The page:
OT/PT Corner: Small Changes = Big Differences
by Stacy Menz, DPT, Board Certified Pediatric Clinical Specialist
I was just on vacation visiting my family while I recuperated and I was lucky enough to enjoy the beach for a few beautiful days. Right before I flew home, I was able to walk about a mile or so on level ground without excessive fatigue in my hip. At this point my protocol had me riding a stationary bike and using the elliptical a few days a week so my hip was getting the chance to build up some muscular endurance. I was actually feeling pretty good about my progress. Well, going to the beach gave me a chance to look at my progress again. Yes, I was still doing really well but what I found was that just from walking about 200-300 yards across the sand (and mostly packed sand) to my beach chair and then back to the car (so 400-600 yards total), my hip muscles were exhausted that night. In fact, they were still tired the next day and I had to take it easy. It doesn’t seem like much of a change but adding the uneven surface to my walking, challenged my muscles in a way they hadn’t been challenged since the surgery and as a result they had to work a lot harder.
Now, relate this to your kiddo. If they are walking all over your house without a problem and then you have them go to the park, well you may see some increased fatigue because they have to navigate different surfaces as well as be aware of their environment. I know I’ve talked about feedback (reactionary) control and feedforward (anticipatory) control before but this is part of it. When your child gets comfortable with one set of variables, such as walking on a hardwood floor in your house, they are able to be efficient with their movement because their body knows what to expect. Now have them walk around the backyard or even some tan bark and if its a novel experience for them their body reverts back to reactionary where it has to figure out what will happen on this surface and then react to the changes. After some time (usually not much for typically developing kiddos) their bodies understand what will happen and can anticipate and make changes efficiently. For a kiddo that is not efficient yet, there will be more fatigue.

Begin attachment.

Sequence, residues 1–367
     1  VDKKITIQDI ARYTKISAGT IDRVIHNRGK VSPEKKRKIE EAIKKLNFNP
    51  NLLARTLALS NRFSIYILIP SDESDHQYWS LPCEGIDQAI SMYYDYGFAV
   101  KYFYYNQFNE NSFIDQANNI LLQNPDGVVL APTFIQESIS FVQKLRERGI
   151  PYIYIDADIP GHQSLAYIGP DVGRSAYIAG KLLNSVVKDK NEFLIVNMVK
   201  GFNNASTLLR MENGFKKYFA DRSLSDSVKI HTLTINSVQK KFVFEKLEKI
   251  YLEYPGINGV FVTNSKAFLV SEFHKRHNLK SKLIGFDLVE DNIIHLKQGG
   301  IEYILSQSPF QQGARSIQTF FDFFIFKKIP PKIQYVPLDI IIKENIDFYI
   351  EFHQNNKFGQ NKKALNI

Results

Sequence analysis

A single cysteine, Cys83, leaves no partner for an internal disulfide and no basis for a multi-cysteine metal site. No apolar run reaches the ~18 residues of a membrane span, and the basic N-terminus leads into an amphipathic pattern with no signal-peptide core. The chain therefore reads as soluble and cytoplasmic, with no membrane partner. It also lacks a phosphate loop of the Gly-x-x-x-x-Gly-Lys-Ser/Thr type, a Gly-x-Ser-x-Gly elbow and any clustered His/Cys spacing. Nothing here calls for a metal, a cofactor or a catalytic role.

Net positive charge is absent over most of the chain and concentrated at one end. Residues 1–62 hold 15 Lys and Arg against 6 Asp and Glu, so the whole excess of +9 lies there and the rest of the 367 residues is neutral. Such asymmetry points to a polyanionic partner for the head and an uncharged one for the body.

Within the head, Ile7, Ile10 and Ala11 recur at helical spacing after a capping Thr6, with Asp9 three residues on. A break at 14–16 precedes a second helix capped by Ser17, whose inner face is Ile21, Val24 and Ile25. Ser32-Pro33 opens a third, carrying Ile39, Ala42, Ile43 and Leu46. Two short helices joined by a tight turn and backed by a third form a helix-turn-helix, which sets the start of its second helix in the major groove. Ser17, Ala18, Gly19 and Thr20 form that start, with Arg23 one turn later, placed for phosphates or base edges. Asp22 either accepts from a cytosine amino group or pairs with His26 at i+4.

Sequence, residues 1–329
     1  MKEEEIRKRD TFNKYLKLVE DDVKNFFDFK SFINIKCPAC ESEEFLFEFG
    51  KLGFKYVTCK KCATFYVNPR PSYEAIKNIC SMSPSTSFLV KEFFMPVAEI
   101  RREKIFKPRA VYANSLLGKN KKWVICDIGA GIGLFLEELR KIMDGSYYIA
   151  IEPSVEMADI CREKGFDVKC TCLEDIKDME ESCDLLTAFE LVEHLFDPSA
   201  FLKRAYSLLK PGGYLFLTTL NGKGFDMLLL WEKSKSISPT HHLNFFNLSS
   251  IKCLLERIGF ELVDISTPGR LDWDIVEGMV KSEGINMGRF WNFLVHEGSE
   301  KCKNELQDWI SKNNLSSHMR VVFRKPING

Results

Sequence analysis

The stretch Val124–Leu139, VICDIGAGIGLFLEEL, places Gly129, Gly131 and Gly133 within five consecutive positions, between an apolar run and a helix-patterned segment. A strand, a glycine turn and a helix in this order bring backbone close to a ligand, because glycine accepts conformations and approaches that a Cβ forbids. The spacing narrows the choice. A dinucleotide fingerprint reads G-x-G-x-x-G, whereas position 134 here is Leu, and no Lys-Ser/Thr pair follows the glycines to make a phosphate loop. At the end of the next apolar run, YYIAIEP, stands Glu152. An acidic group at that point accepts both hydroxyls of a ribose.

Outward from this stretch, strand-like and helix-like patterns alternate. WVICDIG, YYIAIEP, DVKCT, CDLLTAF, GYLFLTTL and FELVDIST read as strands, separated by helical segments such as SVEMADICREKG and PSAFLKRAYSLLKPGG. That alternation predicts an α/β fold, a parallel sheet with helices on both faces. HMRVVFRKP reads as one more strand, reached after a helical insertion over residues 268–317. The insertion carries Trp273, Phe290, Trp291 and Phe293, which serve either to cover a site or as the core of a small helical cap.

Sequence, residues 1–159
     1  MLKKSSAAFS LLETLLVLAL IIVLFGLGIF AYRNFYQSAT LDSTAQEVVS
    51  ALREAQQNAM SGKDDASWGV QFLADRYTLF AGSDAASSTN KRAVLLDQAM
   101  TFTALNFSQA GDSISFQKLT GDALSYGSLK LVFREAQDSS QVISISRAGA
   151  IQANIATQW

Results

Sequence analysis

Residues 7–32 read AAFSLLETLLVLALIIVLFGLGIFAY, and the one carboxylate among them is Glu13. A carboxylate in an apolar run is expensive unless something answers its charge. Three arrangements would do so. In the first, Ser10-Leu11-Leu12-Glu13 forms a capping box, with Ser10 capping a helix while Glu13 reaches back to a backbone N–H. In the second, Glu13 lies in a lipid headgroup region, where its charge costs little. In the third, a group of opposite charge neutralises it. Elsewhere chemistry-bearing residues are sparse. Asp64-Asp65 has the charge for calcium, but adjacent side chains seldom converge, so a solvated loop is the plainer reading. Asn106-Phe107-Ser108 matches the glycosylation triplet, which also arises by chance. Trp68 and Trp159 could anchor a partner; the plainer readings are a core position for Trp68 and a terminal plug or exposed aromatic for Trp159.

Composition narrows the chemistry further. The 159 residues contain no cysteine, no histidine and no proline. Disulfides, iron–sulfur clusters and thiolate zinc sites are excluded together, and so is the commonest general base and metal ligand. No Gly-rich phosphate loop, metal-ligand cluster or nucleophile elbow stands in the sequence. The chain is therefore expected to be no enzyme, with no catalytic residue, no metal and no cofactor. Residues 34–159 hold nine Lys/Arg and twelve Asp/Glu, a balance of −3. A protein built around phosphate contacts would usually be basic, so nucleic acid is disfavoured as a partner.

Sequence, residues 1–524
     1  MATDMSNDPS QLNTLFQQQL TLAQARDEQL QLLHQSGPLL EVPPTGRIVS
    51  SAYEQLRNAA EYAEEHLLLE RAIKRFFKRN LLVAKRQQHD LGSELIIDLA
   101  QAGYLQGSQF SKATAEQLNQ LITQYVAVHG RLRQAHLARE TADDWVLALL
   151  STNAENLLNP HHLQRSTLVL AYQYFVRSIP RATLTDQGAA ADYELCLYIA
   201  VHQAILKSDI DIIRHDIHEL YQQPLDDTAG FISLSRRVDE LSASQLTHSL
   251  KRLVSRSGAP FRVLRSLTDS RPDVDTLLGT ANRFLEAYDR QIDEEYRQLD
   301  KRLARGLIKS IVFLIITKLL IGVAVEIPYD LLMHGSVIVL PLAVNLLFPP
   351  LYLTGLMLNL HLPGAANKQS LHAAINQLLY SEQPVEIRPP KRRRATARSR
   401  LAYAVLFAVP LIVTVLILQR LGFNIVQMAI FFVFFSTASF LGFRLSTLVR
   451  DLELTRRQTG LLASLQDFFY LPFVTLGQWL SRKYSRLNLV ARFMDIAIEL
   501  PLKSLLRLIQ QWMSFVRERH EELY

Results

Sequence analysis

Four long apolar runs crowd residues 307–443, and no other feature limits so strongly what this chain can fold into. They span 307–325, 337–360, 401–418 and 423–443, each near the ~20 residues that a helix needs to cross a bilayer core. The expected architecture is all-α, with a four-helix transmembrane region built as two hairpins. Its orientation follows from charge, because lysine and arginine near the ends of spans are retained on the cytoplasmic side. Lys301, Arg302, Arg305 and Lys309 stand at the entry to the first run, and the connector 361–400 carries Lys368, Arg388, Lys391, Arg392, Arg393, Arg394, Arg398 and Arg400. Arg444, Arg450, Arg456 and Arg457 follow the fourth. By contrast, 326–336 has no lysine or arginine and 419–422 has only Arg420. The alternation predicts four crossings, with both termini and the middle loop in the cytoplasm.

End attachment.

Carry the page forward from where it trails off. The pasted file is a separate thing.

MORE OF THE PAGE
Just like with my hip, I was used to level ground and my hip muscles had become efficient at walking along surfaces such as the sidewalk. When I changed to sand (even hard packed sand) my hip muscles had a new set of variables they had to react to and in the process of relearning how to anticipate, they fatigued themselves.
So, what’s my point. I guess I am just trying to point out that making a small change can have a large impact on your child. Sometimes we go for doing big sweeping changes to improve or progress their abilities when all it may take is something as simple as walking on the grass, or changing the size of the crayon/pencil they are using, or having them carry a toy while walking, or a million other seemingly small changes to challenge the body.
What has been your experience with this?
Featured Guest Columnist: Stacy Menz, DPT, Board Certified Pediatric Clinical Specialist
Stacy, Starfish Therapies’ founder, is a pediatric physical therapist with both a Masters and a Doctorate in Physical Therapy from Boston University and is a board certified pediatric clinical specialist. She stumbled into this field when she realized she would get to play with kids all day long! In reality, she loves making a difference in the lives of kids and their families. In addition to doing rehabilitative work with kids, she also promotes overall wellness and prevention of developmental delays through education. Stacy is actively involved in her professional organizations and is on the editorial board of Impact, the publication of the Private Practice Section of the APTA, and serves on the education committee of the Pediatric Special Interest Group for the California Physical Therapy Association. Stacy and her colleagues are also actively involved in research and have an article submitted for publication.
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